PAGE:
I didn't get much done Saturday. Other members of the Push America team trickled in, as the day passed. I napped, watched tv, and assured my family I'd survived the flight. That afternoon I got up, and tried to find the others. Alas, no one was around, so, I sat down in the hotel restaurant, and ate a burger. Just sayin' there are far better burgers to be had, than those at a Holiday Inn. Some kind of unidentifiable meat product in a patty. I've lived in Vermont so long, I've become more of a localvore. More, just food conscious. Though, yikes I've never had a burger from a non fast food joint I wouldn't finish. Thankfully, dinner was in the near future. I tried to help get ready for the dinner, by arranging shirts, and various items bearing 'Push America' on them, on a table. I doubt I was actually as helpful, as they made me feel I was. I was just happy to have something to do. Then, I went back upstairs to my room to get something, and fell asleep(again). I missed half of dinner, which I wasn't happy about, but, at least I didn't miss the promotional video, that had some scenes from our summer trip. After, Lonnie, one of the blind fellows from the kayak trip, last July, stood up to tell his story, and speak about some of the amazing work that Push does.

One of my favorite things about participating in these events, or trips, is learning how others deal with, and overcome barriers, life puts forth for them. I definitely geared up, listening to Lonnie's story, about his 5 year old daughter, encouraging him to get back into his life on his farm, and being his vision, while he mowed the fields. It was really is amazing what people can accomplish,, when they work together.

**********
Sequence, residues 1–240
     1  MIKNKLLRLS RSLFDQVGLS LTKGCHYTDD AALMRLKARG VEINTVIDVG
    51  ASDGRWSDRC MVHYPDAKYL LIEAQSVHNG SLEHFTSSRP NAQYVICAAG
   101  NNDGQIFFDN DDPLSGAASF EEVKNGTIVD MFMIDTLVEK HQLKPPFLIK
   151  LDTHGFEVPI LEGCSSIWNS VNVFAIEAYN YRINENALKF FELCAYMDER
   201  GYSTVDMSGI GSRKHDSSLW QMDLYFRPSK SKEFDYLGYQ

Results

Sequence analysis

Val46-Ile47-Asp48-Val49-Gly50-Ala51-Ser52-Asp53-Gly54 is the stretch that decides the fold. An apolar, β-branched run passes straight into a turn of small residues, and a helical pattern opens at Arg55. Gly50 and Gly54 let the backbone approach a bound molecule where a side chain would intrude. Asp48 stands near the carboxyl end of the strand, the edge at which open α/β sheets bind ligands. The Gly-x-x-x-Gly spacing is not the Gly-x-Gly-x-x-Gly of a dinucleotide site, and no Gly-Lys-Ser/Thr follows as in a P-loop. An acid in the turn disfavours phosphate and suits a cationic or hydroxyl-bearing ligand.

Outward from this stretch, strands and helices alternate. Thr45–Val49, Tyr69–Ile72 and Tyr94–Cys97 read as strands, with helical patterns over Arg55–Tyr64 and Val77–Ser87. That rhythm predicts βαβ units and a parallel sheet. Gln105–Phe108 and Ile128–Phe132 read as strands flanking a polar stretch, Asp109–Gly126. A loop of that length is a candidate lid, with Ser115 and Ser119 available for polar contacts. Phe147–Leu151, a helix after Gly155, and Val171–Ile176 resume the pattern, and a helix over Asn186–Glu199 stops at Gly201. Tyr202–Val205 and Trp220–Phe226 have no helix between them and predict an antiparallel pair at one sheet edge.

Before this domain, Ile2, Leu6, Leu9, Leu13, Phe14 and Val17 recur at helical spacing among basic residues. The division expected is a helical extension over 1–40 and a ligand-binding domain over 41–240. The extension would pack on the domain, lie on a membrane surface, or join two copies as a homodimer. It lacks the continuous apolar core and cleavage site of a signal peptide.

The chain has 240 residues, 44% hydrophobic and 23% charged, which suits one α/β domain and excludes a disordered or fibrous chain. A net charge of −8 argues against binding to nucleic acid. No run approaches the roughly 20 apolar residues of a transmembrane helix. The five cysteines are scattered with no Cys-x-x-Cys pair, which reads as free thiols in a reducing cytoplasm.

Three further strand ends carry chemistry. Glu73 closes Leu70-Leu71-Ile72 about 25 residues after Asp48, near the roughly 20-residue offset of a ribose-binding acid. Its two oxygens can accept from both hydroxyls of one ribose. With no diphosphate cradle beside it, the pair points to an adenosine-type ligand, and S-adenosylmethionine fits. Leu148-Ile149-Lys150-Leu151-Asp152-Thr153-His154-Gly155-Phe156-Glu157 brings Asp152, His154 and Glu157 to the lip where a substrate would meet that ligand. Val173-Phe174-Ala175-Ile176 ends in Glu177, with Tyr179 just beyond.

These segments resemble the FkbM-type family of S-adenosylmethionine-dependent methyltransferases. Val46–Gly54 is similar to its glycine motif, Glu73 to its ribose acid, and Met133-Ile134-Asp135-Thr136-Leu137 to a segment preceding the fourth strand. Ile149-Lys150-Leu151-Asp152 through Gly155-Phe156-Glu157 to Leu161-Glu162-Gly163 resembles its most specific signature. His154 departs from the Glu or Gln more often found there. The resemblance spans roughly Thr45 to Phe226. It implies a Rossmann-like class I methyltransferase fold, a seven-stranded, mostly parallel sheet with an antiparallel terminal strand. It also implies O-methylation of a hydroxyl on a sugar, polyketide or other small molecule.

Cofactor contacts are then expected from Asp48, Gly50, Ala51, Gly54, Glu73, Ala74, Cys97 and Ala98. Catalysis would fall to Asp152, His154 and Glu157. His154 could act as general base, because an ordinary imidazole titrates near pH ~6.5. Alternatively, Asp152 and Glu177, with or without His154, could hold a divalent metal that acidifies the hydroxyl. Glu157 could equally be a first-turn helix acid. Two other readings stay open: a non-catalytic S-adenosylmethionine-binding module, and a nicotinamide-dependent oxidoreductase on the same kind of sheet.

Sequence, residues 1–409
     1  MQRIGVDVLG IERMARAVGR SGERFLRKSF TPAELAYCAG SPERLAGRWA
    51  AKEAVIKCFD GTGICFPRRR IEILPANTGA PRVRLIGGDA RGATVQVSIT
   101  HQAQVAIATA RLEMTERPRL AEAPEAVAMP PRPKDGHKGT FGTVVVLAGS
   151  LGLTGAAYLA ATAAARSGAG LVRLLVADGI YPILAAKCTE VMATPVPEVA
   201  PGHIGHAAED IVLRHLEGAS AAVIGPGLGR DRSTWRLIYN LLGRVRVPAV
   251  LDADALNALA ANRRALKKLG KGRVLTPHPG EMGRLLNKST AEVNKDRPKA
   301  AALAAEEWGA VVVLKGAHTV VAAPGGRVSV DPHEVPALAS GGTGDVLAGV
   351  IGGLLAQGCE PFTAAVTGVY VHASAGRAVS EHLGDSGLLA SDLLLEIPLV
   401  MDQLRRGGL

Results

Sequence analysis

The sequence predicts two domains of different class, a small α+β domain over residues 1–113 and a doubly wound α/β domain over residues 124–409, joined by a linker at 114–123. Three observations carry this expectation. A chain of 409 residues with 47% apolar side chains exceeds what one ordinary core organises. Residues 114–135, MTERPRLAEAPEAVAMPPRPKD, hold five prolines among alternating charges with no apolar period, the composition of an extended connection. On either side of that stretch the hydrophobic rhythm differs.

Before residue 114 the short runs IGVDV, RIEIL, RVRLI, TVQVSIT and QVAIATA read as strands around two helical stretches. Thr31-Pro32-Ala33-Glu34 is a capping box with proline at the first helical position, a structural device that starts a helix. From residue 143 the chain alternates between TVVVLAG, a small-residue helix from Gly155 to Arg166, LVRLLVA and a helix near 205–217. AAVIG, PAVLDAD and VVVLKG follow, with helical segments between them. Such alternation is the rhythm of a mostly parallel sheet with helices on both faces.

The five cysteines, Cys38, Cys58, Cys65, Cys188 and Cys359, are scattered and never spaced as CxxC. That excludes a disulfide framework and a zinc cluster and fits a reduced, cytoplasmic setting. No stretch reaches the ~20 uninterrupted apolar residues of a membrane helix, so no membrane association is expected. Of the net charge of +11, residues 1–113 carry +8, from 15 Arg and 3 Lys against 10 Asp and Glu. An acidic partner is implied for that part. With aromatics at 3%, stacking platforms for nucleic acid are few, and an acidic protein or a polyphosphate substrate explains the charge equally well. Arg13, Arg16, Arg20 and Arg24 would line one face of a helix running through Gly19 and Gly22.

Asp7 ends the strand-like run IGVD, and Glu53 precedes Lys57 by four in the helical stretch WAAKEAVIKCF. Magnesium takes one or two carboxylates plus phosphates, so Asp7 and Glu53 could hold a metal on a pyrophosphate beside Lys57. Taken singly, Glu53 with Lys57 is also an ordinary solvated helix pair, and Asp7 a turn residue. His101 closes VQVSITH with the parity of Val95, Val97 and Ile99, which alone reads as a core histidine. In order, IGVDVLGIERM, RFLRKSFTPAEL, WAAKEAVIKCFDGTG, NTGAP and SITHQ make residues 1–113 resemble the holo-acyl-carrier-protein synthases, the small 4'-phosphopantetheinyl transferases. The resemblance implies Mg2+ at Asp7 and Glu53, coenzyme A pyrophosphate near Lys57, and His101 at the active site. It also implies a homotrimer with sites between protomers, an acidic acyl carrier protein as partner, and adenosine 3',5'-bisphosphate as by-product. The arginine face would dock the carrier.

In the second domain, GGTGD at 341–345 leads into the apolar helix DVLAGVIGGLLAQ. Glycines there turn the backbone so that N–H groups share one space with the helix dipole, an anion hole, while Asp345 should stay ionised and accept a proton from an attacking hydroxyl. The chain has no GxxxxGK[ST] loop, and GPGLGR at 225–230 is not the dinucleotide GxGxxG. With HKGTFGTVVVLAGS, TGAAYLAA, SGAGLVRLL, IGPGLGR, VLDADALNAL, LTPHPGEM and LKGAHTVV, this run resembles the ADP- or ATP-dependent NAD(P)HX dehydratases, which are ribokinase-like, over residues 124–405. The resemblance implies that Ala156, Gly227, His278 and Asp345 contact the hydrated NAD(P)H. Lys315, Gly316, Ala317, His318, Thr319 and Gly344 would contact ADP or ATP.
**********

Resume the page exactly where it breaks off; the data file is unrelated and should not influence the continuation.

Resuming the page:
After dinner, I retired, again, to be up at 430,again. We all met in the lobby, the next morning, to get transportation to the start points. The 10k began outside the Pentagon. It was a definite experience, seeing daybreak over the Pentagon, a pretty unique start to my day. I ran with 2 of the guys I'd met over the summer on the kayaking trip. Jake and Eli. They were fantastic running companions! Very high spirits the entire 6.2 miles. We were very fortunate to not run into any problems during our 6 mile jog. Eli helped keep me in the know, by answering my idiotic questions about words I don't know from today's pop culture. Also had some pretty entertaining stories to boot.. Jake has a thick English accent, which I loved listening to. Always reminds me of the good, old days! It's so wonderful for me, participating in these events, because I forget to feel like a weirdo, pushing an empty baby jogger, for, seemingly no reason. I'm not usually self conscious about my differing abilities in races, it's the training that gets me. That's when I seem to have the more perplexing experiences. Eli, Jake, and I trundled along in high spirits, occasionally playing tag with Lonnie, and his guide. Each time we neared him, he'd shout about how gorgeous I looked. The man definitely knows how to make a gal feel good. I admit, I laugh, each time he praises my looks. To me, anyways, running has never been an interetest of mine because I look good doing it. I am a ridiculous runner. In high school, I'd be ducking Into the woods, to puke, and then get back on track. That was a fun reputation to have. Everyone wants to cheer for the girl who puked all over herself. Alas, times have changed, and I've had to adapt myself to my ever changing difficulties, but as I've grown, and so have others. So here I am today, running in my biggest race to date, with 2 amazing fellows by my side!